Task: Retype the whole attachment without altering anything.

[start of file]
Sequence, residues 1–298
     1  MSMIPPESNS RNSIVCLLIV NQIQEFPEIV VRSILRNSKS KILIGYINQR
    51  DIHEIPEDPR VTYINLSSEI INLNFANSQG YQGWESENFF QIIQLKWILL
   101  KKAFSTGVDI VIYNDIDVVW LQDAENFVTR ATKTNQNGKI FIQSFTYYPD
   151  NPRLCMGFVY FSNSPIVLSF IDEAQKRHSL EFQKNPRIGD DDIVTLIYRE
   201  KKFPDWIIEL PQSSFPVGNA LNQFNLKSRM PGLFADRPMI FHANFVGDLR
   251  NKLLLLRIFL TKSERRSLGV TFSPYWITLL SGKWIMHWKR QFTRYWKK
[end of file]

Sequence, residues 1–298
     1  MSMIPPESNS RNSIVCLLIV NQIQEFPEIV VRSILRNSKS KILIGYINQR
    51  DIHEIPEDPR VTYINLSSEI INLNFANSQG YQGWESENFF QIIQLKWILL
   101  KKAFSTGVDI VIYNDIDVVW LQDAENFVTR ATKTNQNGKI FIQSFTYYPD
   151  NPRLCMGFVY FSNSPIVLSF IDEAQKRHSL EFQKNPRIGD DDIVTLIYRE
   201  KKFPDWIIEL PQSSFPVGNA LNQFNLKSRM PGLFADRPMI FHANFVGDLR
   251  NKLLLLRIFL TKSERRSLGV TFSPYWITLL SGKWIMHWKR QFTRYWKK